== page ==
Look, most of us reading this started life on third base and it’s certainly up to us to find our way to home plate. But let’s not pretend we hit a home run to get there.

    • El Nerdo says:

      Indeed—otherwise actuarial science would not be viable.

      As for social biases—imagine if the professor had offered a rigged game instead, as it often happens in real life (e.g., institutions advertising positions already promised to internal candidates- which would be sort of like a double-headed coin the participants don’t know about).

      While the coin toss might have been “fair,” life rarely is… Some people get to take endless mulligans, some people can’t afford a single misstep.

      But yes, doing what one can is important, even when doomed.

  13. Allison says:

    Very interesting article. So intriguing to hear your back story. Sometimes a missed opportunity is exactly the opposite. I just wanted to share a saving tip for anyone looking for a deal on transportation. I was complaining about how much money I’ve been spending on Uber’s and a friend recommended saferides.org; it’s a non-profit and very affordable. You can book rides in advance and it’s great for large groups. Just in case anyone else is tired of draining their funds with ride-sharing apps!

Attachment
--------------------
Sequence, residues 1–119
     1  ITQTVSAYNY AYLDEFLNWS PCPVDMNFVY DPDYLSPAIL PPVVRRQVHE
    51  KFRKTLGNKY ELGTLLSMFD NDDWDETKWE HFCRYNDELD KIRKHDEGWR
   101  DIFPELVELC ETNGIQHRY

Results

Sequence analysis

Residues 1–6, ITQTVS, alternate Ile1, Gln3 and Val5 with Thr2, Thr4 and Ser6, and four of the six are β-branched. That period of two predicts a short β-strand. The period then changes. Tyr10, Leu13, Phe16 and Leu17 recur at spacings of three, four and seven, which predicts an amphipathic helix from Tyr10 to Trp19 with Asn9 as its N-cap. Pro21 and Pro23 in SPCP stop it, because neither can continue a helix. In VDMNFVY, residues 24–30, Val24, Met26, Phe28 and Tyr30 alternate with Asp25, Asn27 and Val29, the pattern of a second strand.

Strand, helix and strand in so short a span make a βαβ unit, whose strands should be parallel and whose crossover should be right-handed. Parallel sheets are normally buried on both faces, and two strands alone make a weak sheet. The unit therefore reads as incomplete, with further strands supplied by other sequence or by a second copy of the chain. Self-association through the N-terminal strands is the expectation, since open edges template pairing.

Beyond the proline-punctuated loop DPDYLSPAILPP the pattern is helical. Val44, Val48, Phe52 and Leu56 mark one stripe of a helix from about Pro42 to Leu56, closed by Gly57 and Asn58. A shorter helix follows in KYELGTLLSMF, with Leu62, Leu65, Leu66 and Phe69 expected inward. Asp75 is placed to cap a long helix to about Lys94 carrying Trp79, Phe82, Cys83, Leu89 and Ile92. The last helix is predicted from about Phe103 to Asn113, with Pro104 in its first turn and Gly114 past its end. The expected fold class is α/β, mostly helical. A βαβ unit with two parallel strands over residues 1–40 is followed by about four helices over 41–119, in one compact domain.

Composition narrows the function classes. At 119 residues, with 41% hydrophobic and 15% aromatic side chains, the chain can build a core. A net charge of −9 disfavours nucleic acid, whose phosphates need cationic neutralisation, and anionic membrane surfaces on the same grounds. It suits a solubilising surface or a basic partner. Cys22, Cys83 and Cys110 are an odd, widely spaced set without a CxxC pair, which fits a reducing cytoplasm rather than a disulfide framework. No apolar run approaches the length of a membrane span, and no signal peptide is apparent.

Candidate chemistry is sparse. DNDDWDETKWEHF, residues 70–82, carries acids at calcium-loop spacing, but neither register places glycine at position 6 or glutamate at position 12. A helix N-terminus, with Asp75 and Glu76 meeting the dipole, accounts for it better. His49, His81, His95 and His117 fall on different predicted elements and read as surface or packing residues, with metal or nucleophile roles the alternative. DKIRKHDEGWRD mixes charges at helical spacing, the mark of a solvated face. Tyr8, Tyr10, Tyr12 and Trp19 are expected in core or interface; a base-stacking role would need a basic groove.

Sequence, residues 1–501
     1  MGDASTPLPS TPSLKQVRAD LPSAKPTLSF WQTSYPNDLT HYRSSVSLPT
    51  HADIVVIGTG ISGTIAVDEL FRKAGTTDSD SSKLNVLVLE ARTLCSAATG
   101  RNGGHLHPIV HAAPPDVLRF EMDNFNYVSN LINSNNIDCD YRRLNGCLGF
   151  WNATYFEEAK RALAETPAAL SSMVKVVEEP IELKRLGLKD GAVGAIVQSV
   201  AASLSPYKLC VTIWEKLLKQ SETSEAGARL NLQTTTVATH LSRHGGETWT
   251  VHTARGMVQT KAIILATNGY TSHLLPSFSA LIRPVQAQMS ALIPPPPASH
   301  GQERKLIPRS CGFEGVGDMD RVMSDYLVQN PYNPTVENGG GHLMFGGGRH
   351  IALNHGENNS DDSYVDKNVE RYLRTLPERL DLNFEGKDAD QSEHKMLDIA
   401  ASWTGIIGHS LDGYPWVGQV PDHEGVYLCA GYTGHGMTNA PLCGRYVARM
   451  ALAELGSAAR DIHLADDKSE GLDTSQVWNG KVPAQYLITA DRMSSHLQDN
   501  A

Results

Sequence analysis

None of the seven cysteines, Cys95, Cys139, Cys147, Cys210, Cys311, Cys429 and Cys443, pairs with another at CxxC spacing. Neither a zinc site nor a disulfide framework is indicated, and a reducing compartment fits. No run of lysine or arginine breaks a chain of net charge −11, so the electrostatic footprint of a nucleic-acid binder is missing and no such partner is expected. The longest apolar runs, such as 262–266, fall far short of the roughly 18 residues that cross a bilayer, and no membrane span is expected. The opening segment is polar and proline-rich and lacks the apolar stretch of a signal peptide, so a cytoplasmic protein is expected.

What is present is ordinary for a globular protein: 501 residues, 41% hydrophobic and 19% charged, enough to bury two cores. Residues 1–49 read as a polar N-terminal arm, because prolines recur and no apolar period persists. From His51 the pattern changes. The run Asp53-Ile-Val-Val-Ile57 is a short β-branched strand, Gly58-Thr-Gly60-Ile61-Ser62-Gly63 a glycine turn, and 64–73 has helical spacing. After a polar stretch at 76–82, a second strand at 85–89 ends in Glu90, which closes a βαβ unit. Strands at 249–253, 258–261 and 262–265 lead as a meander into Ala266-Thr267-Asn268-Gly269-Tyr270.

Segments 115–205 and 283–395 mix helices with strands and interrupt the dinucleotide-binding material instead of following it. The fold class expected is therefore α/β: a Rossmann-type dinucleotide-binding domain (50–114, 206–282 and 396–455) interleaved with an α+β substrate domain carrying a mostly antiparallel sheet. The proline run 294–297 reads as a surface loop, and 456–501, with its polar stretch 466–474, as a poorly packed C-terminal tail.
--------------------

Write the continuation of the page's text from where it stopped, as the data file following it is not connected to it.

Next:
• El Nerdo says:

      I looked at this advertisement (is this a spam post?) and it costs 10-30 times what an Uber ride does, at least in my area, and it requires 24 hours notice, and there’s a charge PLUS a donation

      No thanks…

  14. Janette says:

    Your youth was determined by a flip of the coin. Your adulthood is made up of controlled and uncontrolled choices.. I contend you are a type of psychologist. Instead of mentoring to health one on one, you have mentored hundreds at a time. Your coin toss just set you up to have practical knowledge to help direct people instead of book knowledge to pretend you know what people need. I, personally, feel you were destined to be a writer. You needed “story” and now have it.
    In the end, there are many roads we can travel. What you make of the road is what you will reflect on the most when you are 90. You seem to be on a pretty great road now.

  15. Greenbacks Magnet says:

    Being a psychology major myself I can understand being drawn to it. It interest me. That is why I did it.

    In this one brief post, I have learned more about you than I have reading tons of other folks posts! This really just tugs at the heart strings here. It could have been in a hallmark movie.

    I have always been a very active person. Passive has never been my thing. I like action. But I am glad you took action and decided to apply to scholarships as you did make a choice where I notice so many young folks today seem to be a little too indecisive. Seriously, good post.


  16. Wanda says:

    You were like so many that grew up without the appropriate coaching. This is an awesome story and I thank you for sharing it.